What You Get:

  • Annual Fee: $139 ($69 if you have a Scotia Total Equity Plan account),
    • Supplementary Card: $0 for 1st one, then $50
  • Net Cash Back: 1% on most
    • Foreign Transaction Fees: 0%
    • Cash Back: 1% on all everything everything except grocery, dining, entertainment, and transit, which you get 2% on
  • Travel Medical Insurance: 25 days (10 if aged 65+)
  • Baggage Insurance: $1,000 per trip
  • Trip Cancellation and Interruption: $2,500 pp, $10,000 per trip
  • Car Rental: 48 days up to $65,000
  • Extra Perks:
    • 6 Priority Pass airport lounge passes a year
  • Minimum Income Requirement: $60,000 individual, $100,000 household


HSBC World Elite Mastercard.
We chose the HSBC card for a variety of reasons. If you’re similar to us, you might too.

Best Card for Us and Travelers Like Us:

The HSBC Premier World Elite Credit Card

The HSBC Premier World Elite Credit Card is neck-and-neck with the Scotiabank card. It costs $10 more per year and offers 6 days longer medical insurance (31 vs. 25), a $100 travel enhancement credit instead of 6 lounge passes, and free worldwide Boingo WiFi.

We chose this card because Chris gets the discount for having an HSBC account, the first year is free, the $100 travel enhancement is more valuable to us than the lounge passes, and we spend over a month traveling at a time, so the more days we don’t have to pay for insurance the better.

What You Get:

  • Annual Fee: $149 annual fee ($99 for HSBC account holders)
    • Additional Card: $0
  • Net Cash Back: 1.5% on most
    • Foreign Transaction Fees: 0%
    • Cash Back: 3% on flights, hotels, car rentals, tours; 1.5% on all else
  • Travel Medical Insurance: 31 days
  • Trip Cancellation and Interruption: $2,000 per person, $5,000 per trip
  • Baggage Insurance: $750 per person, $200 for necessities if bags delayed 12 hours or more
  • Car Rental: Up to 31 days per rental, $2,000 theft of personal effects, $65,000 max car value
  • Extra Perks:
    • $100 per year of travel enhancement credit to pay for seat upgrades, baggage fees, or airport lounge passes
    • Global Boingo wireless access for up to 4 devices
  • Minimum Income Requirement: $80,000 individual income, $150,000 household income, or $400,000 assets under management in Canada


Brim Credit Cards
We wouldn’t recommend getting the Brim Credit Cards, but they have potential, so they’re worth keeping an eye on.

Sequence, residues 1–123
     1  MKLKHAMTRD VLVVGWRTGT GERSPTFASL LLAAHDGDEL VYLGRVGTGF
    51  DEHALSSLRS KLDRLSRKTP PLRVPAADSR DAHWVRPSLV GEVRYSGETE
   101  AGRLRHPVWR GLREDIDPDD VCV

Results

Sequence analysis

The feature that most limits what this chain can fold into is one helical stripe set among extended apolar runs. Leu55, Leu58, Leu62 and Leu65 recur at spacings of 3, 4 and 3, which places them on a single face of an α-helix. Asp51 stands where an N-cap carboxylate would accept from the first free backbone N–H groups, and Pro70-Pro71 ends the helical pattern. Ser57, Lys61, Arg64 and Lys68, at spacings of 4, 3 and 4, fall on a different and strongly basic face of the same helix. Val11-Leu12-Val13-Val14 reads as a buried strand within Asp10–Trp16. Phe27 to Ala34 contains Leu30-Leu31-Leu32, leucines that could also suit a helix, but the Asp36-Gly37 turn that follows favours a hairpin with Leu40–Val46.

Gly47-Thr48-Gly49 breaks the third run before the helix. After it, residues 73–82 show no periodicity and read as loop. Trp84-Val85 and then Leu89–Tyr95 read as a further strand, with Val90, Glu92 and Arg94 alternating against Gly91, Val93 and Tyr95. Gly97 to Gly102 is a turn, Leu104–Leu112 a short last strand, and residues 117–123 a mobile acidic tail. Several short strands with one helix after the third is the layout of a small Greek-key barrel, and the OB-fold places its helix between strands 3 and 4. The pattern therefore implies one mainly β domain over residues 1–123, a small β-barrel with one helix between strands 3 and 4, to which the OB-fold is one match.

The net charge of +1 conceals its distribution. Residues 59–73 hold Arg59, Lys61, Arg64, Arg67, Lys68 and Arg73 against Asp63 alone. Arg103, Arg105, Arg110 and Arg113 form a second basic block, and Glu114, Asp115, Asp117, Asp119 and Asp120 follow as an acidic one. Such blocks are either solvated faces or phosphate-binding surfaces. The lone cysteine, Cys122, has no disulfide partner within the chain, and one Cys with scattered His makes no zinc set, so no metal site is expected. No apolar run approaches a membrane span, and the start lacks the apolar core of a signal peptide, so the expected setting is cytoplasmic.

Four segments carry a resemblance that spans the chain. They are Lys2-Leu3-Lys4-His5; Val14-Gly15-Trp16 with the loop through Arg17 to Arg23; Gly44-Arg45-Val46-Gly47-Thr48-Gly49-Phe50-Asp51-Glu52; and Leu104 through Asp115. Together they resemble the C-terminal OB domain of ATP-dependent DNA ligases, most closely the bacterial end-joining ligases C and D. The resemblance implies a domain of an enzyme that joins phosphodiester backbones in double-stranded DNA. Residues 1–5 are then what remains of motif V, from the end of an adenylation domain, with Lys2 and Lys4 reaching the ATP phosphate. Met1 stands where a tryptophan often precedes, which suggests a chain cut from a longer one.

Best Credit Cards to Keep an Eye On:

Brim Financial Standard / World / World Elite Mastercard

Brim’s cards are new on the scene, for better or for worse.

Since launching earlier this year with some fanfare, big promises, and a flashy website, there have been a lot of hiccups and online complaints (see the almost 5,000 comments on this RedFlag forum). It took them forever to deliver the cards to the people who applied, and the jury’s out on whether they will ever deliver on what they promise.

One huge concern relates to Brim’s claims to have zero foreign transaction fees. Instead of using Mastercard’s exchange rates, they’ve decided to use their own, so it’s unclear whether they might actually take a cut of their own.

The free card is essentially the same as the Home Trust one, minus car insurance plus free Boingo WiFi and $500 mobile phone insurance.

The $99 card is probably only worth considering if you make less than $80,000 a year. Otherwise, you can get about the same benefits for free with the Rogers World Elite, or pay $40 more a year and get the Scotiabank card with better cash back, better insurance, and the six free airport lounge passes.

And the $199 card has the most generous cash back rewards of any card mentioned here, but it’s still probably not worth it compared to the cheaper Scotiabank and HSBC cards.

Given the uncertainty around Brim, I’d recommend waiting to see whether they can deliver on their promises (and deliver their cards to applicants).

What You Get:

  • Annual Fee: $0 /$99 / $199
  • Net Cash Back: 1% / 1.5% / 2%
    • Foreign Transaction Fees: 0%
    • Cash Back: 1% / 1.5% / 2%
  • Travel Medical Insurance: 0 / 8 days, $5,000,000, <65 years old / 15 days, $5,000,000 (3 days if >65)
  • Baggage Insurance: 0 / $1,000 pp, $2,000 max / $1,000 pp, $2,000 max
  • Trip Cancellation and Interruption: 0 / 0 / $2,000 pp up to $5,000 cancellation; $5,000 pp up to $25,000 interruption
  • Car Rental: 0 / 48 days, $65,000 max / 48 days, $85,000 max
  • Little Perks:
    • Free Boingo WiFi
    • Mobile device insurance $500 / $1,000 / $1,000
  • Additional Cards: $0 / $20 / $50
  • Minimum Income Requirement: 0 / uncertain / $80,000 individual